OKAY, maybe not every trader. However, this is a pretty cool thing about the RSI. Unlike many other indicators, it has mathematical support and resistance.
I don’t want to go into the mathematics of it here, but here’s the intuitive understanding. Basically, the RSI is bound between levels 0 and 100. Because of how it’s designed, the RSI, when used with its default 14 period setting, has difficulty rising above a certain level and falling below a certain level.
THIS OBSERVATION CAN ADD A LOT TO YOUR BOTTOM LINE!
I’ll make this brief: If RSI has natural difficulty rising above a level, yet manages to do so, doesn’t that indicate that momentum is trending up? Conversely, if RSI has natural difficulty falling below a level, yet manages to do, it indicates that momentum is trending down.
Here are the levels: 60 and 40. 60 is natural resistance, and 40 is natural support. I know other traders recommend 70 and 30. I don’t. 60 and 40 are the most valuable levels in my personal opinion.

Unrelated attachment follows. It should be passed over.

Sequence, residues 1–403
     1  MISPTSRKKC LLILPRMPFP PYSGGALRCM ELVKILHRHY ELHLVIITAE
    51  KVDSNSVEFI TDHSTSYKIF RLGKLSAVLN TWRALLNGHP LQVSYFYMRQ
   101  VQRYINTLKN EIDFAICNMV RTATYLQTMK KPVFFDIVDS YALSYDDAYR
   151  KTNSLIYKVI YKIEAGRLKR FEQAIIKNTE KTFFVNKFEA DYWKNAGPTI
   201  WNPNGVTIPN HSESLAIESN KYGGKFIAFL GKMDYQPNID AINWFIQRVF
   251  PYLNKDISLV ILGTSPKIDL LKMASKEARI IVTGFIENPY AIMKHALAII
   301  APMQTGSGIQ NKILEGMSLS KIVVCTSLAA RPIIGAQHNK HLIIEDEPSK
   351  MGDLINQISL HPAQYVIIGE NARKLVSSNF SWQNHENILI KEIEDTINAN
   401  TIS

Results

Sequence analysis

HOW TO USE RSI TO DETERMINE THE TREND
Here’s a neat trick – can you tell what the trend was in a chart without looking at price? YES.
Just look at the last time where the RSI closed above 60. That will mark an uptrend all the way to the point where RSI closed below 40. From there, it will be a downtrend until RSI closes above 60 etc. etc. etc. You get the picture.
Before I go geeky on how cool that is, think about how this can help your trading. Trend and momentum (defined in this sense) are often aligned, so you can design trading systems that go with the trend based around this one fact, incorporating the other key elements of a successful system.
With best wishes for your trading,
Private Fund Trader/Head Trader Consultant
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